merging professionalism with a contemporary flair while staying rooted in Country through stylised elements of waterways and river rocks. These elements, symbolising life, healing, and reconciliation in Indigenous culture, resonate with Murawin’s client-focused approach.

Originating from river Country in regional NSW, Murawin’s founders’ childhood experiences shaped the logo’s significance, reflecting their deep ties to family and Country. The river rocks signify Murawin’s enduring connection to Country and culture, chosen for their symbolism of strength and resilience akin to Aboriginal and Torres Strait Islander cultures. They also represent Murawin’s commitment to positive impact and intergenerational change. Notably, the eight rocks symbolise cofounder Carol Vale’s immediate family members, while the two lines in the logo signify the intertwining of cultures by our two co-founders, Carol and Greg.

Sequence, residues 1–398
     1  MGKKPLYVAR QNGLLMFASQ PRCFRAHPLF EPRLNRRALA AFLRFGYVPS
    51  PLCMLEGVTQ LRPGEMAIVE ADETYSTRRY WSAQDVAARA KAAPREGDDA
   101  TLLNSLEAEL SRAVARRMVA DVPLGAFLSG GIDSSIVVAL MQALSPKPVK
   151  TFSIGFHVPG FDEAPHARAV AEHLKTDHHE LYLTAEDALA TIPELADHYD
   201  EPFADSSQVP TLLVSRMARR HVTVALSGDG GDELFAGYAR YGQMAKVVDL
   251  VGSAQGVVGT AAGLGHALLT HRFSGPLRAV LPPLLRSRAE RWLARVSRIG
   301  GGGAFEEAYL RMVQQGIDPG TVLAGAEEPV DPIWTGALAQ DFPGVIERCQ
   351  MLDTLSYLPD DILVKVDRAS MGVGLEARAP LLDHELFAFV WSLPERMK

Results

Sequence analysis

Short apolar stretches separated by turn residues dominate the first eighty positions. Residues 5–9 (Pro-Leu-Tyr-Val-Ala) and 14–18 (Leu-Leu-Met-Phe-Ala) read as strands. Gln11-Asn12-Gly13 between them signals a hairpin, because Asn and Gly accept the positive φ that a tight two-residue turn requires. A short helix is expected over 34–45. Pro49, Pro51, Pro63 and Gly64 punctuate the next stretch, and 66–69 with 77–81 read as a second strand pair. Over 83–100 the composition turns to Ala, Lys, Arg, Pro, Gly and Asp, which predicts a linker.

What we wanted to do was to better reflect Murawin’s story, goals, mission and values through a supporting look and feel that elevated our branding and centred Country, our story and our values.

To do this we started with an updated colour palette.

We wanted a natural colour palette that reflects Country

and gives people a calm and clear perspective just like when time is spent on Country. Simultaneously we wanted it to reflect the professional, rigorous and forward-thinking nature of our work.

Each colour had to be meaningful and tied to Murawin’s story, so we pulled the colours directly from images of Country in areas important to Murawin and its co-founders.

Wollomombi - brand colour